Short term reduction achievable within 5 years
Most domestic and industrial heating systems burn methane, obtained from the North Sea gas fields. The CO2 produced is vented into the air, from millions of homes & factories, contributing 50% to our current total emissions. Pilot schemes are currently being evaluated, using blended gas: a mixture of methane and 20% hydrogen. This requires no alteration to the existing heating or distribution systems and no new technology. If introduced nationally, this would significantly reduce our CO2 emissions. Hydrogen is made by industrially by the steam reforming of methane and other hydrocarbons. The final products being hydrogen and carbon dioxide. The CO2 is easily removed from the gas stream. It would be possible but completely uneconomic, to remove CO2 from individual domestic or industrial boilers. Siting the hydrogen production process close to the point where the methane comes ashore and taking advantage of the economy of scale, the CO2 removed could be piped back into the depleted gas fields, effectively removing 20% of all existing emissions.
Long term reduction achievable within 15 years
Blended gas still contains hydrocarbon, the aim should be to replace this with 100% hydrogen and so achieve zero CO2 emissions. The existing National Grid distribution network, has 7,660 km of modern large diameter pipework, together with 618 above ground installations. In addition there are hundreds of thousands of km of smaller diameter, urban pipework, feeding into our homes, factories and hospitals. This will all need modification to carry pure hydrogen but is entirely achievable. This is almost the reverse of what was done 50 years ago, when town gas was replaced with methane. Town gas being made from coal, contained 50% hydrogen.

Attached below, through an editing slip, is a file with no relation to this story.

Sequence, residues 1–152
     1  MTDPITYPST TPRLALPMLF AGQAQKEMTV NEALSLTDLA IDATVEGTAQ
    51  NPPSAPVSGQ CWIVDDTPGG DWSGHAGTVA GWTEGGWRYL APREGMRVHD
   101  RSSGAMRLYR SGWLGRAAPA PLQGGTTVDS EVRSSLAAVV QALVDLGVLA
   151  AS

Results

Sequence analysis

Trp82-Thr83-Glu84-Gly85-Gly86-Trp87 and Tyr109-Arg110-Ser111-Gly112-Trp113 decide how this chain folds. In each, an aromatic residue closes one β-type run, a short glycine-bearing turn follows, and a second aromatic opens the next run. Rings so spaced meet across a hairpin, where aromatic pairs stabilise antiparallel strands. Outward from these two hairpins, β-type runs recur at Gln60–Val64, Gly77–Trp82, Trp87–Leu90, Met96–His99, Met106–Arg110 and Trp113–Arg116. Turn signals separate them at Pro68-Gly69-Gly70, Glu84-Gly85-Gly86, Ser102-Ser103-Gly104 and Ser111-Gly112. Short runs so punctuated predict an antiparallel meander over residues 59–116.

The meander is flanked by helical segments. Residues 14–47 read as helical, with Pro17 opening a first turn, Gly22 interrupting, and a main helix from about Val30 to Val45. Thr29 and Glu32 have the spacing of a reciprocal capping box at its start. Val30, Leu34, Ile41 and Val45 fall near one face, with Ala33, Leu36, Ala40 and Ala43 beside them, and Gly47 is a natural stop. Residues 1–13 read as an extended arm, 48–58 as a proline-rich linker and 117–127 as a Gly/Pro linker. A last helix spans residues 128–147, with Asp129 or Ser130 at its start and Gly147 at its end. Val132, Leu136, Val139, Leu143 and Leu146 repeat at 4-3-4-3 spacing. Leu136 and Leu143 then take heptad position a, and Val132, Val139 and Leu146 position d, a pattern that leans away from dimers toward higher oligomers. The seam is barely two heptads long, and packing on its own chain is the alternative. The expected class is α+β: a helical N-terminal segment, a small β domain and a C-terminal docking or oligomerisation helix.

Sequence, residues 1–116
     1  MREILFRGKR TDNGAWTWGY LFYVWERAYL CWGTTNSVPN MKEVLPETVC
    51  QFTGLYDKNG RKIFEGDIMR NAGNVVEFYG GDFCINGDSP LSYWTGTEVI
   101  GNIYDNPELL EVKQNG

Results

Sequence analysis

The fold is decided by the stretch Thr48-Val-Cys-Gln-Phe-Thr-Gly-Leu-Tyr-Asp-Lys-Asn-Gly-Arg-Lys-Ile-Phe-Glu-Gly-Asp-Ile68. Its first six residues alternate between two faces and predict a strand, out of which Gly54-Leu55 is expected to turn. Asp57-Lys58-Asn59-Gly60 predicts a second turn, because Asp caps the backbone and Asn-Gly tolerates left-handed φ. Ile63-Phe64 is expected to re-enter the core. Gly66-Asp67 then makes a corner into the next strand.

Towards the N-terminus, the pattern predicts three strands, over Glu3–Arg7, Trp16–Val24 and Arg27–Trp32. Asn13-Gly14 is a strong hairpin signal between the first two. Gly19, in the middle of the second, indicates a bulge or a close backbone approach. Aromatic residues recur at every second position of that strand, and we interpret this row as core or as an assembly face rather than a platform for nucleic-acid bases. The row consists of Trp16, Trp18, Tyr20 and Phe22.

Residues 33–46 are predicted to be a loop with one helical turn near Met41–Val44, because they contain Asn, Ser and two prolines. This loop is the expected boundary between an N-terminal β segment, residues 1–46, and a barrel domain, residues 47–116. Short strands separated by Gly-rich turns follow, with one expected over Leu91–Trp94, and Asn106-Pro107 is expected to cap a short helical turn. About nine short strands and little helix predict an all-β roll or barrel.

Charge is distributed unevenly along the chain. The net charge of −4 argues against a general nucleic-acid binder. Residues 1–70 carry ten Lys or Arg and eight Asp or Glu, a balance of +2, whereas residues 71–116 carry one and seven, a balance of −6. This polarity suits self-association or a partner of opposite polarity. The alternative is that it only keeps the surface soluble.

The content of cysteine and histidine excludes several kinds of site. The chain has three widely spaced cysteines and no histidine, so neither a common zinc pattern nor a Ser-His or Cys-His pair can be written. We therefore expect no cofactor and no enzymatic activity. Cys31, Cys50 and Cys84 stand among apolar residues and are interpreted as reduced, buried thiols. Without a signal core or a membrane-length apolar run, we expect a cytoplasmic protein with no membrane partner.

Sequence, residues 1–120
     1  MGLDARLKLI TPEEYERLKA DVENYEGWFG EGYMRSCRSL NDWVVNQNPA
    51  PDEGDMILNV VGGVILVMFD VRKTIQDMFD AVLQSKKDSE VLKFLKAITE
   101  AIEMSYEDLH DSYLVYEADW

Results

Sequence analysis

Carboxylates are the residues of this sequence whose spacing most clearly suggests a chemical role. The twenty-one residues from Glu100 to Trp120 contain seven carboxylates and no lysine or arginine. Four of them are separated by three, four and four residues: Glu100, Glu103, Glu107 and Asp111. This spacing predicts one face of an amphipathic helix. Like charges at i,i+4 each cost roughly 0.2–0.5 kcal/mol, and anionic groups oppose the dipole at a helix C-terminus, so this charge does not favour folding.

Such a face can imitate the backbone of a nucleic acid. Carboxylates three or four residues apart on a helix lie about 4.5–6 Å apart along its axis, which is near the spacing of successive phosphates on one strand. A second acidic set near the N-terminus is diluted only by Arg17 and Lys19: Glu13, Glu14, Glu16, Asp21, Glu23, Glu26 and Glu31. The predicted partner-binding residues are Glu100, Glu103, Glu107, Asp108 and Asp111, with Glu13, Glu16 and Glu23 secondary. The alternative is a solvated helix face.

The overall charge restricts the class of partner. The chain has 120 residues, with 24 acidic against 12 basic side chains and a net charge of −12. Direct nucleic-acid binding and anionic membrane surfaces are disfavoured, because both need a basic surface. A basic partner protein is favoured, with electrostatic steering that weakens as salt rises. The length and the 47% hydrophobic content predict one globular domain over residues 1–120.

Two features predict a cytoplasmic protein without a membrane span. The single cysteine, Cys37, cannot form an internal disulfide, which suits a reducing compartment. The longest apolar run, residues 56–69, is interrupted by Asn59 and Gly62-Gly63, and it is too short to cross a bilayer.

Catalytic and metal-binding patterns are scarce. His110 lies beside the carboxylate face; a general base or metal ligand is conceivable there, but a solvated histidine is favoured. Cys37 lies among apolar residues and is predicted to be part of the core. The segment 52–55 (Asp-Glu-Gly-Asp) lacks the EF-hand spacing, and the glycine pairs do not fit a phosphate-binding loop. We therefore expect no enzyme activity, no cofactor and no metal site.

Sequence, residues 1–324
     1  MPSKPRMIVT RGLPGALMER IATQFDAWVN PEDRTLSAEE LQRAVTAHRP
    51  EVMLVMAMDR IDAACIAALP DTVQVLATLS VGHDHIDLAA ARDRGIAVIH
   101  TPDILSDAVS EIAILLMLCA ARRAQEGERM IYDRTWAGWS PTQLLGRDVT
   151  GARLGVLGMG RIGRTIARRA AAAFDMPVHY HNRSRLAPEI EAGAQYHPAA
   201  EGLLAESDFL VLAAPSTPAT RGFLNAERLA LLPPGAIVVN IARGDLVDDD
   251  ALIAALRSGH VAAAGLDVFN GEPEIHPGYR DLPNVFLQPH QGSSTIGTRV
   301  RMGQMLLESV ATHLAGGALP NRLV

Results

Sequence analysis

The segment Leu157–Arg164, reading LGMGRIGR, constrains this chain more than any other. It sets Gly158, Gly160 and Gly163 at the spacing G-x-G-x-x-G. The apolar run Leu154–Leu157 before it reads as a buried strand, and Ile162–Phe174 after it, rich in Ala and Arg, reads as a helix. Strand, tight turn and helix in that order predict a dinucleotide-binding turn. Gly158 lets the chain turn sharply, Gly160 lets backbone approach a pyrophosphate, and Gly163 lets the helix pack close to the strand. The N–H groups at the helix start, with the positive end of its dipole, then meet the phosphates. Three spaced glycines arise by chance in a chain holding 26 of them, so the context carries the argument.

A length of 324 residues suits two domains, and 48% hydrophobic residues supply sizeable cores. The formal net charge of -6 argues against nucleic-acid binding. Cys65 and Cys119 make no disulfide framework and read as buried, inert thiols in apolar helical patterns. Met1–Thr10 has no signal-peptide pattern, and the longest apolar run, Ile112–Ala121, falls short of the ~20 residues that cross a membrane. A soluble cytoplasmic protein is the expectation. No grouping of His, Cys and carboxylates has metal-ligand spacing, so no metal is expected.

Generating the hydrogen.
This will be done by electrolysing alkaline sea water, using a recently developed nickel electrode, the products being hydrogen and oxygen. The electrical energy coming from wind turbines. The coast being the ideal setting. The new electrolysis plants being built alongside the steam reforming plants which they will eventually replace. The existing pipe work and electrical plant all being reused.
Advantage of using seawater
Relatively pure water is needed for electrolysis, which makes the process expensive. Acid or alkali being added to make the water conduct. Sea water containing salt (sodium chloride), would normally produce chlorine on electrolysis, as well as hydrogen, in equal amounts. It would be impossible to use the chlorine produced on this scale and it would be uneconomic to dispose of it. The newly developed nickel electrode, prevents discharge of the chloride ions, oxygen gas forming instead. This can easily be used industrially or vented harmlessly into the air. Excess hydrogen can be converted to ammonia and exported as a liquid, as already happens, in tanker ships. The ammonia being converted back into hydrogen as required.